Scotch Single Malt - Highland - 2014
International Wine & Spirit Competition
Scotch Single Malt - Highland - 2013
What's in a name? Glengoyne 21 Year Old whisky is called whisky because it's produced in Scotland. Were it from America it would be spelled Glengoyne 21 Year Old whiskey, rather than whisky.
Nose: Oak, barley, red fruits.
Palate: Barley and oak, possibly erring on the side of too much oak. Winter spice, cider.
Finish: Oak, barley.
I've just finished a bottle of this and I have to say that it is very close to the 25 year old, it has the same intense depth and deep sherried flavour, deep red fruits and spice. The 25 year old is bigger, better balanced and a more expansive taste, the nose is fruitier but this is a very fine whisky. I love Glengoyne whiskies and the 25 is about the best I've ever experienced but this 21 year old is firmly up there on the top shelf, way above the 18 and 15 which are great but obviously much younger and less complex.
For the price the 21 is a bit of a bargain, especially when you consider what other distilleries are charging for their nice but inferior malts.
7th October 2014
Tried a few new scotches last night. First was the Tomatin 12, then Lismore 21, then this delightful dram. While for the price I enjoyed the Tomatin ($32), it was a bit on the sweet side with the sherry being masked by an abundance of butterscotch and pear until I returned to it later. The Lismore was a complete letdown for my first 21 year, lacking depth and complexity I so desired with more smokiness than I care for. After letting the Glengoyne breathe a bit my companion and I finally nosed it... for about 15 minutes straight. I had found what I craved, a dram that invited my nose into the glass for deep breath after deep breath. The barley notes come through very true, attributed to their abandonment of peat and replacing it with dry warm air instead. Dark fruit plays in the nose, changing from black cherry to plum to date, with a hazelnut or walnut (depending on the nosing) to back it up nicely. The sherry comes through with a perfect balance in my opinion, not too strong but lets you know it's there. After nosing quite some time, the crystal was tilted back for the first taste. Many of the same characteristics as the nose, the sherry touched my tongue lightly with a nice warmth but no burn, with the fruits coming in on the finish that carried quite some time. Let this one sit, it takes at least a minute for all the complexities of the finish to hit your palate with the dark fruits and slight nutty roundness. At this point it comes back up, giving a new warmth with a ever so subtle dash of cinnamon and the cherry returns a bit. This is the dreamy dram I've been searching for, and as Glengoynes motto states, it was "worth the wait". If you DON'T like heavy peaty islay malts, but prefer a masterfully crafted dram where each step is meticulously and slowly completed (longest distillation process of any scotch and they take 5-6 years prepping the casks), this dram should call for you. Refined, complex, and deep I shall be returning to this new friends again and again. Cheers :)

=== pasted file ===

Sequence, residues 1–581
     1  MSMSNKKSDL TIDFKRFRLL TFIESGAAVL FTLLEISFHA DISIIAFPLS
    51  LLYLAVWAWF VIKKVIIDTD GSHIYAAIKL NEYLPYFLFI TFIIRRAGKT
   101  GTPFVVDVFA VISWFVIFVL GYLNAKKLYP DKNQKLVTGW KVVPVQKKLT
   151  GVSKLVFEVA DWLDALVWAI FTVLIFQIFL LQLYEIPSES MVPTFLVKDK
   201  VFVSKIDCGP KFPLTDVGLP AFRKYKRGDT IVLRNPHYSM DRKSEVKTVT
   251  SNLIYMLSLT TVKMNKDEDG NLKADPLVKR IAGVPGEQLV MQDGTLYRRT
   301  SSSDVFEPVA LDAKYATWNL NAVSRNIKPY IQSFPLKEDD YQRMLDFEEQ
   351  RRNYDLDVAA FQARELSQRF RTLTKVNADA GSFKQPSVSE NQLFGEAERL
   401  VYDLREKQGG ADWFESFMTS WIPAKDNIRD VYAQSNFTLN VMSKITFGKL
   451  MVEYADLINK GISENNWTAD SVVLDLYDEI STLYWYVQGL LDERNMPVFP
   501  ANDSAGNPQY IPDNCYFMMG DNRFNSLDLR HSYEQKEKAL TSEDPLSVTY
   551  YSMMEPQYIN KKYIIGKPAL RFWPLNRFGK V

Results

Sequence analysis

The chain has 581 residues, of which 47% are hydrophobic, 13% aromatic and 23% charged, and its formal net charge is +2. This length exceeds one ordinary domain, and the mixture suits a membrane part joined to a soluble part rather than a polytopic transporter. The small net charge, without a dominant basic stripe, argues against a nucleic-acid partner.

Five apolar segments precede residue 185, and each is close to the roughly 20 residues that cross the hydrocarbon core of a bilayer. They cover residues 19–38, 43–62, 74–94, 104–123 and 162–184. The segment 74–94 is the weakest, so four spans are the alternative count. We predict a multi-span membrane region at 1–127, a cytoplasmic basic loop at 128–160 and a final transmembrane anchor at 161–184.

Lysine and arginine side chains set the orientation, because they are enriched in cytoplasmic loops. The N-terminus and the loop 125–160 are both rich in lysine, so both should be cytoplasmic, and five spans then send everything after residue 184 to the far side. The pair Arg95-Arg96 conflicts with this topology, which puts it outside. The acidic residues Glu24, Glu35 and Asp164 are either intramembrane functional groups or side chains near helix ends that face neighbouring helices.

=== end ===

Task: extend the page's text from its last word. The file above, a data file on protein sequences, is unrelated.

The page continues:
16th May 2014
The Glengoyne 21y/o is by far the best Scotch whisky available today for the price. It is complex and tasty. There just aren't enough "O's" in SMOOTH to describe a dram of this treat. Knowing the lads that make this whisky treasure, all their love and talent comes through in giant terms. Who needs loads of smoke and peat? Give me true malt done well. Highland cognac it is.
7th April 2014
A real sherry monster.
One of the best whisky's I've ever tasted.
Right up my street
26th October 2013
True single malt lovers will agree that Glengoyne 21 will always stand as the special sipping single malt of this century!
21st August 2013
Pitted fruits and gingery spices, marvelously married. Smooth yet complex.
4th August 2013
Not to my taste
29th June 2013
Matured in sherry for all of it's life. That's rare and delicious
24th February 2013
I read a review saying that the 17 year old was better and that I should ignore the 21-year old. Having tasted it I can only say that that review was wrong. The 21-year old is too different to compare.
The 17-year old is smooth and easy to drink.
The 21-year old is a lot more warm and complex, a bit too much oak and a bit dry, but if you like that, then it is perfect.
3rd December 2012
...17y is good,but this one is worth the extra money! WONDERFUL!
19th March 2011